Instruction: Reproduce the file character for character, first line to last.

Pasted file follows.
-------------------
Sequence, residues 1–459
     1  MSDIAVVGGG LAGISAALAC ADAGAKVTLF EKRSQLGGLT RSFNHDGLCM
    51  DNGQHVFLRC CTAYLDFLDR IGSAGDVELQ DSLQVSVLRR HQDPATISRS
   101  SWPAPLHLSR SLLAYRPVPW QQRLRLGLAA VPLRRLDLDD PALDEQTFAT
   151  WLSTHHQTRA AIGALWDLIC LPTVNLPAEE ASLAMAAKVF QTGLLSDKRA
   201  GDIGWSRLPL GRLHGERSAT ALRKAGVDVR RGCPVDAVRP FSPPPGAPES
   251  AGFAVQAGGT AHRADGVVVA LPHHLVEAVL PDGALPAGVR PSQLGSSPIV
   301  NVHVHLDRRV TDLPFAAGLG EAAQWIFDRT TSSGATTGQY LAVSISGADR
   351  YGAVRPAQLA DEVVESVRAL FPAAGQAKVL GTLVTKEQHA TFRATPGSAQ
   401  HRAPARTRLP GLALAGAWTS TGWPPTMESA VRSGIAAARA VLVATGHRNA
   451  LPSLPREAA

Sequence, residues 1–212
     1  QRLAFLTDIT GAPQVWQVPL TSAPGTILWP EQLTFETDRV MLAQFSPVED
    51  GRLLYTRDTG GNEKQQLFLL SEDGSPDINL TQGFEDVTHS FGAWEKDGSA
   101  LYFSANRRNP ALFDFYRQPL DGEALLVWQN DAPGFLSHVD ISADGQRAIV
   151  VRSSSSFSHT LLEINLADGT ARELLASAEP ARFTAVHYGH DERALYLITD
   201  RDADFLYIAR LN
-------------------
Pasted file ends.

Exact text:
Sequence, residues 1–459
     1  MSDIAVVGGG LAGISAALAC ADAGAKVTLF EKRSQLGGLT RSFNHDGLCM
    51  DNGQHVFLRC CTAYLDFLDR IGSAGDVELQ DSLQVSVLRR HQDPATISRS
   101  SWPAPLHLSR SLLAYRPVPW QQRLRLGLAA VPLRRLDLDD PALDEQTFAT
   151  WLSTHHQTRA AIGALWDLIC LPTVNLPAEE ASLAMAAKVF QTGLLSDKRA
   201  GDIGWSRLPL GRLHGERSAT ALRKAGVDVR RGCPVDAVRP FSPPPGAPES
   251  AGFAVQAGGT AHRADGVVVA LPHHLVEAVL PDGALPAGVR PSQLGSSPIV
   301  NVHVHLDRRV TDLPFAAGLG EAAQWIFDRT TSSGATTGQY LAVSISGADR
   351  YGAVRPAQLA DEVVESVRAL FPAAGQAKVL GTLVTKEQHA TFRATPGSAQ
   401  HRAPARTRLP GLALAGAWTS TGWPPTMESA VRSGIAAARA VLVATGHRNA
   451  LPSLPREAA

Sequence, residues 1–212
     1  QRLAFLTDIT GAPQVWQVPL TSAPGTILWP EQLTFETDRV MLAQFSPVED
    51  GRLLYTRDTG GNEKQQLFLL SEDGSPDINL TQGFEDVTHS FGAWEKDGSA
   101  LYFSANRRNP ALFDFYRQPL DGEALLVWQN DAPGFLSHVD ISADGQRAIV
   151  VRSSSSFSHT LLEINLADGT ARELLASAEP ARFTAVHYGH DERALYLITD
   201  RDADFLYIAR LN